The Israeli-Palestinian war has been called the worldâ€™s most intractable conflict. It is by now a commonplace that the only way to end the violence is to divide the territory in two, and all efforts at a resolution have come down to haggling over who gets what: Will Israel hand over 90 percent of the West Bank or only 60 percent? Will a Palestinian state include any part of Jerusalem?
A mistake too often made by those examining Israel’s behaviour in the occupied territories â€” or when analysing its treatment of Arabs in general, or interpreting its view of Iran â€” is to assume that Israel is acting in good faith. Even its most trenchant critics can fall into this trap.
Such a reluctance to attribute bad faith was demonstrated this week by Israel’s foremost human rights group, B’Tselem, when it published a report into the bombing by the Israeli air force of Gaza’s power plant in late June. The horrifying consequences of this act of collective punishment â€” a war crime, as B’Tselem rightly notes â€” are clearly laid out in the report.
The group warns that electricity is available to most of Gaza’s 1.4 million inhabitants for a few hours a day, and running water for a similar period. The sewerage system has all but collapsed, with the resulting risk of the spread of dangerous infectious disease.
In their daily lives, Gazans can no longer rely on the basic features of modern existence. Their fridges are as good as useless, threatening outbreaks of food poisoning. The elderly and infirm living in apartments can no longer leave their homes because elevators don’t work, or are unpredictable. Hospitals and doctors’ clinics struggle to offer essential medical services. Small businesses, most of which rely on the power and water supplies, from food shops and laundry services to factories and workshops, are being forced to close.
Rapidly approaching, says B’Tselem, is the moment when Gaza’s economy â€” already under an internationally backed siege to penalise the Palestinians for democratically electing a Hamas government â€” will simply expire under the strain.
Since the days when Roman Emperors threw Christians to the lions, the relations between the emperors and the heads of the church have undergone many changes. Constantine the Great, who became Emperor in the year 306 – exactly 1700 years ago – encouraged the practice of Christianity in the empire, which included Palestine. Centuries later, the church split into an Eastern (Orthodox) and a Western (Catholic) part. In the West, the Bishop of Rome, who acquired the title of Pope, demanded that the Emperor accept his superiority.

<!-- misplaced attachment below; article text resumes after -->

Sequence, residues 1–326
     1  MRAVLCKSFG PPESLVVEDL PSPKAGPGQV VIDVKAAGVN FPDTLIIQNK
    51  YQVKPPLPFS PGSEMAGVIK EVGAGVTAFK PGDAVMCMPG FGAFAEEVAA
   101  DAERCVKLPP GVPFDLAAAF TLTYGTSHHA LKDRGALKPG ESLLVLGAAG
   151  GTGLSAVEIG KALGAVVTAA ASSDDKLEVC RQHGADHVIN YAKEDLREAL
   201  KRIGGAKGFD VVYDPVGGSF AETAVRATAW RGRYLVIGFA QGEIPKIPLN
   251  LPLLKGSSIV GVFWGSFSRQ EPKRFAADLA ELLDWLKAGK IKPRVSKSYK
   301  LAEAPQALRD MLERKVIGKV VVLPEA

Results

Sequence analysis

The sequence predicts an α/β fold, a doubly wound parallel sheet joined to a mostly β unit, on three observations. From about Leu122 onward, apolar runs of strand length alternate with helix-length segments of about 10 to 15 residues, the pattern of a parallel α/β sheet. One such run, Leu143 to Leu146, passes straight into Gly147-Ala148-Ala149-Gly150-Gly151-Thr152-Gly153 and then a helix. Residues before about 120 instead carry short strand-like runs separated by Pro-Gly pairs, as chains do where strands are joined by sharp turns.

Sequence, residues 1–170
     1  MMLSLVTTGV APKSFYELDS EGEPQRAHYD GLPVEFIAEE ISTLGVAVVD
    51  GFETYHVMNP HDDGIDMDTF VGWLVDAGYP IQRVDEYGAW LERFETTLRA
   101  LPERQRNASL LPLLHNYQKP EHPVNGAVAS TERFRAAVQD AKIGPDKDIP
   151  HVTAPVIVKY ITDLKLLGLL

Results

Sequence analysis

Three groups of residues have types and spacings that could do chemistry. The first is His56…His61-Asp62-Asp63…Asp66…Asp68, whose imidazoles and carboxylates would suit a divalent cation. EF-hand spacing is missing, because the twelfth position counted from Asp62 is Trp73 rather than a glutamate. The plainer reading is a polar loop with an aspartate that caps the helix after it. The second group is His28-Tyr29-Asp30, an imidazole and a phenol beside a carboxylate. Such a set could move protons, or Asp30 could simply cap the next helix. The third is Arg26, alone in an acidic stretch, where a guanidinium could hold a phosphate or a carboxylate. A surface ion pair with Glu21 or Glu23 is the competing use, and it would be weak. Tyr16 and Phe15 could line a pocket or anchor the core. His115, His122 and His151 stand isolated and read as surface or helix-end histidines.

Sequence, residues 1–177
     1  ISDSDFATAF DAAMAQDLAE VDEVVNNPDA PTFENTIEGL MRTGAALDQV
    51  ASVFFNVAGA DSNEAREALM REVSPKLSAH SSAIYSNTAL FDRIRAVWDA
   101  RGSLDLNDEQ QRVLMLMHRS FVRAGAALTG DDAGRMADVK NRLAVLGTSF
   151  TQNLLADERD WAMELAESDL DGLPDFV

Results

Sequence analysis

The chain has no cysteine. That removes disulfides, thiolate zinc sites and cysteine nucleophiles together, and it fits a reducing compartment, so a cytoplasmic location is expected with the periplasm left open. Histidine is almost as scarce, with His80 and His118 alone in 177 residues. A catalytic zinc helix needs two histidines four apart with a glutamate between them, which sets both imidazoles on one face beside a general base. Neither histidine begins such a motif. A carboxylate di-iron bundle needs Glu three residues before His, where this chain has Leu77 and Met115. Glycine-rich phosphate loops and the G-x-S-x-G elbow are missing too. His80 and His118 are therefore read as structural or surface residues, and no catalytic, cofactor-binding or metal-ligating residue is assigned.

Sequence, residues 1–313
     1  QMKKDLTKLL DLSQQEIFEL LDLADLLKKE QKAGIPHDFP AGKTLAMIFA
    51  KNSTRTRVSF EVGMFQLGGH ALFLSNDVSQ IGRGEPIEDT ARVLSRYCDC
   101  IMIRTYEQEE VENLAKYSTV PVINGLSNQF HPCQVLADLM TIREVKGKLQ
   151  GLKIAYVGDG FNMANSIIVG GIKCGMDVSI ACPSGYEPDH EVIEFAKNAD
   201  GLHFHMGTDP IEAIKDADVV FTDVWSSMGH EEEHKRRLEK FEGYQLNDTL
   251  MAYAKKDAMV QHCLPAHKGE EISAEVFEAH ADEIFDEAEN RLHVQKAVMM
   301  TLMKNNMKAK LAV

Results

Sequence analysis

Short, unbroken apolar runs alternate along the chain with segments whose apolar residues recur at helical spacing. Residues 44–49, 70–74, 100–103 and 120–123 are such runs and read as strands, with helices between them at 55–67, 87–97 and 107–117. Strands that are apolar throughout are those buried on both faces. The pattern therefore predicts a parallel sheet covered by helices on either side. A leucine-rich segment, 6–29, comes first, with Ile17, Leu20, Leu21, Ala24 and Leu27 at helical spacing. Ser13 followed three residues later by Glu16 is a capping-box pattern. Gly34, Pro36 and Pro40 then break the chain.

The struggle between the Emperors and the Popes played a central role in European history and divided the peoples. It knew ups and downs. Some Emperors dismissed or expelled a Pope, some Popes dismissed or excommunicated an Emperor. One of the Emperors, Henry IV, â€œwalked to Canossaâ€, standing for three days barefoot in the snow in front of the Popeâ€™s castle, until the Pope deigned to annul his excommunication.
But there were times when Emperors and Popes lived in peace with each other. We are witnessing such a period today. Between the present Pope, Benedict XVI, and the present Emperor, George Bush II, there exists a wonderful harmony. Last weekâ€™s speech by the Pope, which aroused a world-wide storm, went well with Bushâ€™s crusade against â€œIslamofascismâ€, in the context of the “Clash of Civilizations”.
In his lecture at a German university, the 265th Pope described what he sees as a huge difference between Christianity and Islam: while Christianity is based on reason, Islam denies it. While Christians see the logic of Godâ€™s actions, Muslims deny that there is any such logic in the actions of Allah.
Sep 23, 2006, 09:57
Sana’a – Yemeni president Ali Abdullah Saleh has affirmed that the Hamas Movement was not a “terrorist organization” but rather represented a legitimate anti-occupation resistance that should be backed.
He said in press statements that the Hamas-led PA government was the target of an “oppressive siege” spearheaded by the US administration, which claims championing democracy.
“We support our brothers in Hamas and in the PLO in resisting Israeli occupation,” Saleh emphasized, asserting, “resisting occupation is legitimate and Hamas is not a terrorist organization”.
He said that all should respect the right of occupied peoples to resist occupation and not describe such practice as “terrorism”, adding, “Cards should not be mixed up”.
The spirit of international cooperation that last month ended the deadly conflict in Lebanon should now be applied to resolve the question of Palestine, “the root of all the conflicts and wars” in the Middle East for many decades, Palestinian President Mahmoud Abbas told the United Nations General Assembly.
Addressing the Assembly’s annual debate, Mr. Abbas called for the unconditional resumption of negotiations between Israel and the Palestinians and an end to the suffering of his people, warning of the devastating impact on the region if these issues are not resolved.